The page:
A Kentucky multi-vehicle collision in Jefferson County has claimed the life of a 16-month-old girl. Daphnie Mangrum was pronounced dead from a traumatic brain injury at a local hospital on Saturday. Mangrum’s mother and two siblings were also injured in the catastrophic Kentucky car crash, which occurred on the Dixie Highway on Thursday afternoon. The three of them are expected to recover.

According to Louisville Metro Police, at about 4:48pm, a Mazda drifted into the center lane, hitting a Dodge Caliber, which then struck a Chevy Lumina before hitting a Dodge Ram truck. Daphnie and her family members were riding in the Lumina. The children in the car were reportedly not properly restrained. The driver of the Mazda and the Lumina were transported to hospitals. West Point resident Janet Crowell, who was driving the Dodge Caliber, was pronounced dead at the crash site.

Traumatic Brain Injuries
• Motor vehicle crashes are the number one cause of TBI’s, followed by fall accidents and athletic injuries.
• Every 15 seconds, someone sustains a TBI.
• TBI’s occur when there has been a jolt or blow or a penetrating injury to the head.
• 1.4 million people sustain TBI’s each year.
• 50,000 people die from TBI’s annually.
• About 2,685 kids, ages 14 and under, die from TBI's each year.

While traumatic brain injuries can range from mild (approximately 75% of TBIs are mild TBI’s) to severe to fatal, there are those who do survive and continue to live with catastrophic TBI’s that require them to receive long-term, specialized care. A TBI can affect one’s senses, memory, and the abilities to communicate, comprehend, and reason, as well as result in personality changes, depression, and changes in behavior.

Living with a serious TBI can be costly and life changing. Losing someone you love because they sustained a fatal TBI can be incredibly traumatic.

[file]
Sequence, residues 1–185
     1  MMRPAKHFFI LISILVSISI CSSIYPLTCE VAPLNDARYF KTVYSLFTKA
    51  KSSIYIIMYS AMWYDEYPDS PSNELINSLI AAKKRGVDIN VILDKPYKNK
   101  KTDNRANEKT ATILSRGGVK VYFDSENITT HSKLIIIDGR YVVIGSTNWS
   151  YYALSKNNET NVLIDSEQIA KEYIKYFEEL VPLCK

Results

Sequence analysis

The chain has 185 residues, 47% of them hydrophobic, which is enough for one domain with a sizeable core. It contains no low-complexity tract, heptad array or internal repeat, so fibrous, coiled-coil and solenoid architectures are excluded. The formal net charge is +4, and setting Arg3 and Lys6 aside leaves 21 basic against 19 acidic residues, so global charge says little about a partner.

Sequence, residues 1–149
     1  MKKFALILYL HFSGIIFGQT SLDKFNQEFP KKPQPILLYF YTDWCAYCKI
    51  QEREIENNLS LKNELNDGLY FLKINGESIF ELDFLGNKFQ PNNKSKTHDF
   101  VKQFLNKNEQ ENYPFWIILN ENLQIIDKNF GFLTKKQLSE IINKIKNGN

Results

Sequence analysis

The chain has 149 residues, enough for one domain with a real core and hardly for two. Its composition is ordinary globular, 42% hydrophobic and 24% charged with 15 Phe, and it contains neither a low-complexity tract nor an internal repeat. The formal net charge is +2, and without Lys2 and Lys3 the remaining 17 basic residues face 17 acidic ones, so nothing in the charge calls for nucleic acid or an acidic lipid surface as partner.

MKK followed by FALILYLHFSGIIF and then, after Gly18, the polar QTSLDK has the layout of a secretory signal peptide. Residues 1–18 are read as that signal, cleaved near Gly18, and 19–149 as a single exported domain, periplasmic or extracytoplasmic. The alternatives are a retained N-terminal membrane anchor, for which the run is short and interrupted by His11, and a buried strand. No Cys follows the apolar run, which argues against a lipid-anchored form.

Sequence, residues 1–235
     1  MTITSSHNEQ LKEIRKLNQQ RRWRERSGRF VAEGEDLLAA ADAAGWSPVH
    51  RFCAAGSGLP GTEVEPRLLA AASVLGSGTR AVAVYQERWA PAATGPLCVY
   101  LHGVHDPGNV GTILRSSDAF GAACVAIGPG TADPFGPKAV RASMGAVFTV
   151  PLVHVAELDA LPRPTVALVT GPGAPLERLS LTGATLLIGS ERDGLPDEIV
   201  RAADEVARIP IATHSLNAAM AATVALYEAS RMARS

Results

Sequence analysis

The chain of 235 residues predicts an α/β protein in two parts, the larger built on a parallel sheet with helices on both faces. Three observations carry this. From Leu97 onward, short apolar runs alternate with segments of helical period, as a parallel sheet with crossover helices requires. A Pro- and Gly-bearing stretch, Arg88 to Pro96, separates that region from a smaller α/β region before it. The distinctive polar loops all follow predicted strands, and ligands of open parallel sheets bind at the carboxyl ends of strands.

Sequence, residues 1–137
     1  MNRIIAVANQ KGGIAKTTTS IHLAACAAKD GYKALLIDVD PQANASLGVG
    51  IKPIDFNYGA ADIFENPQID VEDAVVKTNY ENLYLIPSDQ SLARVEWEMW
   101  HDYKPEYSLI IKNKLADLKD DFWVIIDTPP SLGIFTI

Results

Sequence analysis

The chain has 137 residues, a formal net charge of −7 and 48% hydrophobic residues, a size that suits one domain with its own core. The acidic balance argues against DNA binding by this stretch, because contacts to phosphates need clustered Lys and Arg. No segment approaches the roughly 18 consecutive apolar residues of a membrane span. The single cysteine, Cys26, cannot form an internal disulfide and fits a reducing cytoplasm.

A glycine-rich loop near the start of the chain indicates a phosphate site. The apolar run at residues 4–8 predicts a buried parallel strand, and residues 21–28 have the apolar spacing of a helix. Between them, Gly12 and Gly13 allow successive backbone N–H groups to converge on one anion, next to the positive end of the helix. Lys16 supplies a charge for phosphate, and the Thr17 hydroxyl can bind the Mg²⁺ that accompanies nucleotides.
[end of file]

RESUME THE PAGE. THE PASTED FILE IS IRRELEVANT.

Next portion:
16-month-old dies from injury in Dixie Highway crash, Courier-Journal, April 18, 2009

Traumatic Brain Injury, CDC

Related Web Resources:
Brain Injury Association of America

Brain Injuries Overview, Justia

Continue reading "Kentucky Brain Injury Law Firm: 16-Month-Old Girl Dies from TBI Caused by Jefferson County Multi-Vehicle Collision " »

May 30, 2008

Kentucky Lawyers: 3 Kentucky bullying lawsuits filed by victim's families; my partner Vanessa Cantley

My partner Vanessa Cantley filed three separate bullying lawsuits on behalf of children today. In what has become a troubling pattern here in Kentucky, despite being made aware of repeated episodes of abuse, teachers and school administrators did nothing to stop the abuse.

The lawsuits were filed in three separate counties: Meade, Floyd and Oldham. These cases involve more than pushing or name calling. One Freshman at South Oldham was repeatedly assaulted by teammates on his wrestling team. The kids broke his nose, and several times choked him until he passed out. Once he regained consciousness, they would choke him again.

The families were interviewed today by WAVE3's Connie Leonard and featured on the local news cast. Read about it here.

Watch the video.

July 24, 2006

Gaps in bus laws are safety risk

State inspections on 'honor system'
By R. G. Dunlopand, Peter Smith
The Courier-Journal

Gaps in federal and state regulations could be putting bus passengers at risk.

Although buses are required by state and federal law to undergo annual inspections, for instance, no proof of inspection is required at registration, The Courier-Journal has found.

And it was a Louisville church bus with no record of ever being inspected that was responsible for sickening half a dozen children earlier this month. Emergency workers said the children suffered symptoms consistent with carbon-monoxide poisoning.

In addition, neither the state nor the federal government tracks the number of privately owned buses in Kentucky that need inspections or whether they are being inspected, the paper found.

The result is that a bus that does not undergo an inspection or fails is unlikely to be caught unless it has a chance roadside encounter with law enforcement, a random safety audit or a complaint.

"As far as state inspection is concerned, it's basically an honor system," said Maj. Glynn Powers of the Kentucky Department of Vehicle Enforcement. "We can't go behind these vehicles to make sure they got the inspection done. There's a whole lot more buses than there are of us."


Additional resources:

Judge orders church not to alter bus until investigators check it [7.20.06]
Church's use of bus investigated [7.19.06]
Lax again on bus safety [7.16.06]
1st on bus to fall ill just start of woes [7.16.06]
Church's bus fleet overdue for inspection [7.14.06]
Bus with sick kids had safety violations [7.13.06]
7 children on church bus fall ill during trip [7.11.06]